Best Foods for Your Anti-Aging Diet

There are no ‘miracles’ here but some sensible tips on how to use your diet to look your best.


While you can’t stop aging, you can stay healthy. The first step toward good health at any age is to eat a good well balanced diet.

The healthier you are, the better you look and you have to feed your body good nutrition for it to run like it’s supposed to run. You have to have good maintenance.

You wouldn’t run your car on the wrong fuel, or let the petrol tank get to the bottom, so you have to start treating your body like you do your car and your home.

Sometimes, you forget that your body is a well-oiled machine and it takes car and maintenance to keep it that way.

The best diet as you age

As we age, our bodies change; not just in how they look, but also in how they work. It is part of the natural process but be aware that it may take longer for you to digest meals.

You are not so active as you were when younger so may not drink enough water because you don’t feel as thirsty as you used to. Food may lose some of its taste, so you simply might not be as interested in eating.

This lack of interest can have several causes: you might have a harder time chewing, you might just not feel like cooking, or you might be tired of eating by yourself if living alone.

Don’t ignore the signs of you not being interested in cooking, or food, and don’t just rely on supplements because once your dietary health declines then the whole of your body can be affected.

Keys to a healthy diet

You probably know the basics of a healthy diet: lots of fruits and vegetables, healthy proteins, whole grains, some low-fat dairy and healthy fats, and less salt.

1. Let’s not forget your fluid intake either. Water may not be a food but try to think of it as one. Water is so underappreciated. Our bodies are mostly water. If you’re chronically dehydrated, just think of what your cells look like.

Robin Foroutan, a New York nutritionist, sums up what happens if you are persistently don’t drink enough. “You can’t think as clearly, you get fatigued more easily, you don’t tolerate heat as well. People who complain of things like fatigue and mild headaches and constipation, most often they’re just dehydrated.”

2. Include berries to your daily fruit intake. Any berries are good, but blueberries really come packed with nutrients that are beneficial for the body. They are packed with various antioxidants and that’s an essential element to keep your cells healthy.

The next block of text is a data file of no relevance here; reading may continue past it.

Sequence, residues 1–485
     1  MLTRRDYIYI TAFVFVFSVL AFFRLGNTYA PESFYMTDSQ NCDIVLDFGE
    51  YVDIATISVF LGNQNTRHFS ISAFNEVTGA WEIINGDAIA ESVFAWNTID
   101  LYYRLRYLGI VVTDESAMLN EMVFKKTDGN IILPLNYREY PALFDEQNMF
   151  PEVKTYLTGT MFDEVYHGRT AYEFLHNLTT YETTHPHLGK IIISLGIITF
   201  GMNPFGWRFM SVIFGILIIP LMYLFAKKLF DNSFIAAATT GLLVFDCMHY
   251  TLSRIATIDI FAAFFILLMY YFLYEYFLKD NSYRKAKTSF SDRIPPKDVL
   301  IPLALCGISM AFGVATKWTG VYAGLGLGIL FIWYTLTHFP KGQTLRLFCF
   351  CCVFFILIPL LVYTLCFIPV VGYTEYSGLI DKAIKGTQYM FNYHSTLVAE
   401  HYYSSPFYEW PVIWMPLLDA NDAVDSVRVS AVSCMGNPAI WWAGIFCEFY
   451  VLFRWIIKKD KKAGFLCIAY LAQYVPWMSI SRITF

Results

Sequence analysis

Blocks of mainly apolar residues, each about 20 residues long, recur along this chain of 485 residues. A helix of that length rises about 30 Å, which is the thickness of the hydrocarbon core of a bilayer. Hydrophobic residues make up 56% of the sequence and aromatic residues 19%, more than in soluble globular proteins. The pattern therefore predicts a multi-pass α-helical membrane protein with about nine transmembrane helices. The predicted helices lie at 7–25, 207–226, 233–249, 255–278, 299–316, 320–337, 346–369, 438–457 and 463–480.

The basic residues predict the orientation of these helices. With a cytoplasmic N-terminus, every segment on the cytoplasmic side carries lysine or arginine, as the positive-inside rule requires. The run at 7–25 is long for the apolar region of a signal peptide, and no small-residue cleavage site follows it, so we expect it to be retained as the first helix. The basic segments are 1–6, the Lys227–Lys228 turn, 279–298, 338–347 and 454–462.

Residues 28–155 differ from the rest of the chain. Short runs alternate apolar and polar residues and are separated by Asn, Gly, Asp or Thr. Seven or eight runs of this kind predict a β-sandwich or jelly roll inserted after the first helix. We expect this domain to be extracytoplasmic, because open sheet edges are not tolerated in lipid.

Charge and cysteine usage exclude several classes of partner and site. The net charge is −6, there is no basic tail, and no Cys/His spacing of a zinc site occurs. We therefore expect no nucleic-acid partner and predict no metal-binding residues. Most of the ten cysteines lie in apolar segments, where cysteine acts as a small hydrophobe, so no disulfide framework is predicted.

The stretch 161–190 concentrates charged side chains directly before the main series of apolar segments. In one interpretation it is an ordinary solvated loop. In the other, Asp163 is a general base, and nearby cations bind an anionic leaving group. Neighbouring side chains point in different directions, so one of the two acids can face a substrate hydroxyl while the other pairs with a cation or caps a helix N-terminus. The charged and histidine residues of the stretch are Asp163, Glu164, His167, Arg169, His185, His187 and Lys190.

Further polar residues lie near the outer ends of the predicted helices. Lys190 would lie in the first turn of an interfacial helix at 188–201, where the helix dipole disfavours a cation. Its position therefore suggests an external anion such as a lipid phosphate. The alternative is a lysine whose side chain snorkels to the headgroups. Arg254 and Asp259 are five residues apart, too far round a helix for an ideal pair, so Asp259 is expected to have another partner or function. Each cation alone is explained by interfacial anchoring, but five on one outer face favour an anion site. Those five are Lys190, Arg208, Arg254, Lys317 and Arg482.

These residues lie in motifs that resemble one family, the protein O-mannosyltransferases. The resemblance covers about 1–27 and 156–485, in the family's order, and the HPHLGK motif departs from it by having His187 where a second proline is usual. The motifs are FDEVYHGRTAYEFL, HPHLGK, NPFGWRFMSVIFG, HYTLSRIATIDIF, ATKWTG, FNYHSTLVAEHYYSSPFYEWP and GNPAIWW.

Your body also needs daily vitamins E and C and humans can neither make vitamin C or store it so that’s why it is a daily must.

3. Increase your intake of dietary fibre from things like vegetables, whole grains, fruits, and beans all play a key role in your digestive system. It can help prevent or ease constipation as well as lower your cholesterol, blood pressure, and inflammation.

So that’s one bonus: next it can also help keep your heart healthy and bonus two can also can help control blood sugar levels and lower your chances of diabetes.

4. Fatty fish has many health benefits. Just two servings a week of salmon, mackerel, and sardines benefit your heart because they are high in omega-3 fatty acids.

5. Olive oil, particularly cold pressed organic, is a healthy substitute for butter if that is your usual choice for cooking. It’s healthier than some other oils.

6. Yogurt also helps because of its calcium and protein content. This is particularly important to help you digest your food, and keep bones strong and healthy.

7. Tomatoes are high in lycopene, a natural chemical, which can help protect you against certain cancers.

Cooked or processed tomatoes (in juice, paste, and sauce) may be better at that than raw ones. Researchers believe that heating or mashing tomatoes releases more lycopene.

8. Red wine in moderation may help lower “bad” cholesterol, prevent blood clots, and ease your blood pressure.

That usually means no more than one drink a day for women and two a day for men. If you don’t drink alcohol, though, don’t start.

9. Broccoli is full of fibre and contains iron, potassium, calcium, selenium and magnesium as well as the vitamins A, C, E, K and a good array of B vitamins including folic acid.

10. Nuts are usually given a bad press because they are believed to put on weight, but they are full of omega-3s, unsaturated fats (the good kind), fibre, and protein.

This makes them a perfect heart-healthy food, just make sure they are natural and unsalted nutrition and aim for five 1-ounce servings per week. For instance, all the following provide 1 ounce servings:

24 almonds, 18 medium cashews, 12 hazelnuts, 8 medium Brazils 12 macadamia, 35 peanuts
and 14 walnut halves.